by Gal Berg, CTO of XpoLog
The evolution of search is a fascinating story that can tell us a lot about how to solve other big data challenges such as log management and log analysis in IT environments. After all, in all these cases the basic idea is finding the “needle in a haystack” as quickly as possible.
Organizing data into directories
Entrepreneurs identified the need to organize Web sites so that users could discover them easily in the early days of the Web. Companies such Yahoo emerged with directories, which required the users to browse through categories of interest, just like the yellow pages. The directories grew, and search engines were eventually added to make finding Web sites much easier. The directory method was largely based on human content curation. The human element kept Web sites organized in the right semantic context, but that approach could not keep up with scale as the Web grew larger. New technology became necessary to manage the complexity.
The introduction of first-generation search engines
The first generation of search engines, which included AltaVista and Lycos, used Web crawlers and indexes to capture the Web, and offered the ability to search based on keywords. Naturally, the focus of these technologies was matching between keywords and the index without really understanding the semantic meaning of the text. Algorithms were not yet “smart” enough to signify the importance or relevance of Web pages to the user’s query. The search results were only based on the matching between keywords and the indexed Web pages. Users would have to deal with a multitude of irrelevant results without additional techniques that add context and meaning to the search query. So, for example, a search for the movie “home alone” would return many meaningless results with Web pages that contain the words “home” and “alone”.
Semantic analysis, ranked results and additional context
The next big revolution came with Google and its famous page-ranking algorithm. Google, as opposed to other players at the time, used additional factors to rank search results by treating everyone as an individual. Google profiles every user (e.g. geo location, search history, etc.), and its search engine performs a semantic analysis of the Web pages and the search query and an authority ranking, which was influenced by the amount of links to the specific Web page. Additional signals add context to the search results and help to expedite finding the most relevant pages in a fast growing Web. In essence, Google reintroduced the human aspect (location, history, links) to the mix in order to add meaning to its results. In our previous example, Google would use the semantic analysis to know that “home alone” is the title of movie, provide screening information that’s relevant to the user’s location (local theaters) and return additional information from authoritative sites such as IMDB. Furthermore, the addition of auto-complete to the search query also helped users to discover more content and search more effectively.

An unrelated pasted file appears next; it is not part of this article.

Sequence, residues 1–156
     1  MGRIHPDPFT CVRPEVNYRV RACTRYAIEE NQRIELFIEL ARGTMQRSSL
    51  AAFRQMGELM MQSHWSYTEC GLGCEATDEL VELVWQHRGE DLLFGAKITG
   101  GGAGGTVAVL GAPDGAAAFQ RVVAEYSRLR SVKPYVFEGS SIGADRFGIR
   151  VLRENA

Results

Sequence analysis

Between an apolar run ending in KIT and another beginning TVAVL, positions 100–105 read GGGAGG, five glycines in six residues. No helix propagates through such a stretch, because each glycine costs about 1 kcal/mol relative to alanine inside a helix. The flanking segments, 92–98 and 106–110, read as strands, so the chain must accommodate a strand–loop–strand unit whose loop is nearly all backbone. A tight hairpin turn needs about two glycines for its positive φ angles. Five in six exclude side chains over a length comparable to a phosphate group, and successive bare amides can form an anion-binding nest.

The evolution of log management and analysis
How does this relate to software development? IT organizations have always understood the importance of using the logs files, which are generated from infrastructure elements and applications, in order to identify security breaches and troubleshoot faults. However, analyzing these log files wasn’t feasible due to the huge amounts of data, the inconsistent structure of logs, and the lack of standardization – a classic big data challenge. In recent years, a few technological solutions emerged to solve this problem, including Splunk, XpoLog, ArcSight, LogLogic and more. Those were equivalent to first generation Web search engines.
The first generation log management/analysis technologies
As was the case with Web search, those log management technologies initially focused on the input side, which in itself was extremely challenging, as millions of events had to be normalized into some kind of structure that would add meaning and consistency for aggregation. At the other end was a search engine that enables users to find specific faults and various symptoms in order to perform root cause analysis. The users of these systems had become detectives with these tools, and this kind of access to the data and the success of their troubleshooting efforts relied on their investigative skills. They had to know what to search for, and then decipher the clues within thousands of results to deepen their investigation until they found a resolution. The reliance on the user’s skills, and the fact that large amounts of data was returned without a relevancy mechanism, meant inconsistent and time-intensive processes.